This is Part 6 of a series of posts designed to help us explore our work and leadership through the lenses of dominant power and liberatory power.
The cycle of systemic exclusion
Inequity is not just about what is happening in schools and classrooms, it also about how dominant power shapes the system as a whole. When we look at who holds positions of power, how that power is organised and how that power is being used, clear patterns begin to emerge that show how deeply the inequities are entrenched in our systems.
We see that many of us who have access to positions of power and influence within the system hold dominant identities and benefit in some way from it’s inequities, this means that we are more likely to want to maintain the status quo (consciously or unconsciously). Even if we have the desire to create change we are still likely to be holding onto unconscious biases that prevent us from acting in ways that lead to equity. At the same time, those of us who hold marginalised identities are often excluded from positions of power and denied opportunities to advocate for and lead the change that our communities need.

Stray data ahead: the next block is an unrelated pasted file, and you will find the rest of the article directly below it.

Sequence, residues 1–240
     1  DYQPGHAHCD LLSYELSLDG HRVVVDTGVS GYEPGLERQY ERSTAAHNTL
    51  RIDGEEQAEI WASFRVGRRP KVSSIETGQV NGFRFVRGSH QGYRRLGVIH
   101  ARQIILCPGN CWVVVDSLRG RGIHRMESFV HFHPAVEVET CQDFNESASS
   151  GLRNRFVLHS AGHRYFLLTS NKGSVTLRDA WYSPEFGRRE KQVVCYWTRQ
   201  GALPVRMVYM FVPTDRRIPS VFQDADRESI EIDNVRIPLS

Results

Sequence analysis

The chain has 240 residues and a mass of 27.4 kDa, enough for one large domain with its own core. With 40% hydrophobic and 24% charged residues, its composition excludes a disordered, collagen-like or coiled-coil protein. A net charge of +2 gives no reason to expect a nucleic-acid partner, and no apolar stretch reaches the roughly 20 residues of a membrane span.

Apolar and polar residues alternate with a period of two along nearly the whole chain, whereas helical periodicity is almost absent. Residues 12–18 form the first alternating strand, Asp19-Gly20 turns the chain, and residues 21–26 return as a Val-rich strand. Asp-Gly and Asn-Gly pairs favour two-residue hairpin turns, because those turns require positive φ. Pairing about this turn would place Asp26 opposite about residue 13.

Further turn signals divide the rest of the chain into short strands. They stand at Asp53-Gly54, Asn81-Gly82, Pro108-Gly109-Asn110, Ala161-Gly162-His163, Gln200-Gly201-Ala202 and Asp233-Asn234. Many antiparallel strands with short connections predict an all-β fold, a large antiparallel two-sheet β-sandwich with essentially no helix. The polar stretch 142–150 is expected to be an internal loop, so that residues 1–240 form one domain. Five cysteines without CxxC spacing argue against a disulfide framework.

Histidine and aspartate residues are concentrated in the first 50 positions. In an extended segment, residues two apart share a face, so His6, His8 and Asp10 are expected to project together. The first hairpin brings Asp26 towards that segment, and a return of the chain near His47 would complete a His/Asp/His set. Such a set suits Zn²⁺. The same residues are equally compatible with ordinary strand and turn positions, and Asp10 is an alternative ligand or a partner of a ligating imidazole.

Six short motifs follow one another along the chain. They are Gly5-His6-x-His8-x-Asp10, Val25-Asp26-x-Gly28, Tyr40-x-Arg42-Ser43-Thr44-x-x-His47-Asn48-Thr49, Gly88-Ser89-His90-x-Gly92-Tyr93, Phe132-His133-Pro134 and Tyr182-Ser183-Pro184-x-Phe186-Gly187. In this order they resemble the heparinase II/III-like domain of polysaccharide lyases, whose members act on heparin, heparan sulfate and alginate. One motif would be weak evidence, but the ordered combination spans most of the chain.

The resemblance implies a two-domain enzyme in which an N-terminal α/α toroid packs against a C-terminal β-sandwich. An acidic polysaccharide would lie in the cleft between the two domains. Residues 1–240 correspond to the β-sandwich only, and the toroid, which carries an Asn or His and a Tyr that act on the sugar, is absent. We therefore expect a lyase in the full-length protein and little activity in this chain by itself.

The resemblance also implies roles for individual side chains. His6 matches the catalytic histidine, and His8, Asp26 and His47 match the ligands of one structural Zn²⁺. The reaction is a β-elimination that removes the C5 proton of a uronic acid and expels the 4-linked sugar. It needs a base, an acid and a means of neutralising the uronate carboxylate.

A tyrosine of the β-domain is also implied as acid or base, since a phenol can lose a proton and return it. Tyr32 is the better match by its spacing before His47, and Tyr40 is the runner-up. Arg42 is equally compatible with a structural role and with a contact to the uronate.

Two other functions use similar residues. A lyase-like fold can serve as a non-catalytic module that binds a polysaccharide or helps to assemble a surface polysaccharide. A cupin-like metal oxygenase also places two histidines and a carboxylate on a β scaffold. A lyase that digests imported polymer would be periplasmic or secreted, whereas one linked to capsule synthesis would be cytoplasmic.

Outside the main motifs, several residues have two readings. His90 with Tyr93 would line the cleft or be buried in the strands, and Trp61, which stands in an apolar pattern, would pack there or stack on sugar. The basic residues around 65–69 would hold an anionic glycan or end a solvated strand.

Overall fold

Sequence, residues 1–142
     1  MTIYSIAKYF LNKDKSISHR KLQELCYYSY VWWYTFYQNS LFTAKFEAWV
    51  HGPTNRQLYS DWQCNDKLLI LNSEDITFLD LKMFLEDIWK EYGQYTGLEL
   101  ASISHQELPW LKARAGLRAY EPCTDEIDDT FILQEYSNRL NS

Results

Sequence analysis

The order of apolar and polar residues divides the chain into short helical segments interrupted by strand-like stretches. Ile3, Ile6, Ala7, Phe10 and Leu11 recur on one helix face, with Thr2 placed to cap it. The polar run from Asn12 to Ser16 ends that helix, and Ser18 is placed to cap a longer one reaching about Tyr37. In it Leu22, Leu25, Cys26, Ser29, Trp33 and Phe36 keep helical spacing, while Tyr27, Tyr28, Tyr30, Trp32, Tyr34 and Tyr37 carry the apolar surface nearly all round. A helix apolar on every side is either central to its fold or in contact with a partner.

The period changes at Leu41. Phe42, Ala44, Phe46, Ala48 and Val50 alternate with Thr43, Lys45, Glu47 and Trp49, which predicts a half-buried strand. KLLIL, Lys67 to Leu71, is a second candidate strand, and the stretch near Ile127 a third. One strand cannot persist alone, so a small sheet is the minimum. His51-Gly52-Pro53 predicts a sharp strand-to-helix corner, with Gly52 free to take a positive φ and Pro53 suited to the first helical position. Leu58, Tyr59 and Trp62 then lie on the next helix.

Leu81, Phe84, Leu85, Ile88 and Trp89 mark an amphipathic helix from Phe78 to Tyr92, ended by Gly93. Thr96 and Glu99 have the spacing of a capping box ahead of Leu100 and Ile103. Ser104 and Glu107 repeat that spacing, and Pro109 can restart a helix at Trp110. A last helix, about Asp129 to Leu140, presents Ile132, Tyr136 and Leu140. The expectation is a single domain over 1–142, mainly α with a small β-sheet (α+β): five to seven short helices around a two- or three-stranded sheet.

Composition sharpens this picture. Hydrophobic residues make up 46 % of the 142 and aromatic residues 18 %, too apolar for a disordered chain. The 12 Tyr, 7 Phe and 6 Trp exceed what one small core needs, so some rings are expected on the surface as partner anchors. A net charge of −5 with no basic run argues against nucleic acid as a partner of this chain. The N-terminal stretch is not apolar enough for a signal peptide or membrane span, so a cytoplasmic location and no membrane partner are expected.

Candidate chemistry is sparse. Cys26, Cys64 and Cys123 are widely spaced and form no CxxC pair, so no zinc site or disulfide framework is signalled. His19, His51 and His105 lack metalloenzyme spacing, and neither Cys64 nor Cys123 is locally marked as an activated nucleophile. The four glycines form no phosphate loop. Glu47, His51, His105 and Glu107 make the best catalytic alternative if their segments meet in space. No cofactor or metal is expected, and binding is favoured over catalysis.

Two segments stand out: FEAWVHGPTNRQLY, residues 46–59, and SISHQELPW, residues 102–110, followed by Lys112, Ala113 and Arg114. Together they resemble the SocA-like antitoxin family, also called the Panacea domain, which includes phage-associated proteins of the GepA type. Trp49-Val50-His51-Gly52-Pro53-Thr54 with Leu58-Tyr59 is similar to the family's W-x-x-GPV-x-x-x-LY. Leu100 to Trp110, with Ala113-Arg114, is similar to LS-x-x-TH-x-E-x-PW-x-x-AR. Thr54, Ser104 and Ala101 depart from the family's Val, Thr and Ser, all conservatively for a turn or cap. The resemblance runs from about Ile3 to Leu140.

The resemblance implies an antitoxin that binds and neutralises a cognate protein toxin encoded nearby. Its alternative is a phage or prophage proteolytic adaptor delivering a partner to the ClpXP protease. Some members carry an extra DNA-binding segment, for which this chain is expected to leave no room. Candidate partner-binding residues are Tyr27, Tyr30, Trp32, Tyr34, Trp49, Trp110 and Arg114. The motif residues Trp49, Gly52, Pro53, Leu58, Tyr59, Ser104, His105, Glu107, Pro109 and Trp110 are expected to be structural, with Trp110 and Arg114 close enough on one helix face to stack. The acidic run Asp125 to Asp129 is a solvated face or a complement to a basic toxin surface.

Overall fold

Here is an example of how dominant systems often operate..
People who hold dominant identities are over-represented in positions of power, influence and leadership. While people who hold marginalised identities are under-represented or completely excluded.
- This is because those of us who have marginalised identities have to navigate many layers of bias and descrimination in order to climb the ladder and gain access to positions of power.
- It is also because the spaces in which decisions are made reflect dominant culture, and are not inclusive of marginalised identities. This can make it very difficult for those of us who hold marginalised identities to feel like we belong and speak up without the fear of being punished or excluded.
As a result people from marginalised communities are not meaningfully represented in the decision making process, their perspectives are not taken into account, and the bias and prejudice of those with power is left unchecked. This means that the decisions made about resource distribution, curriculums, testing and teacher training are likely to reflect bias and prejudice. For example..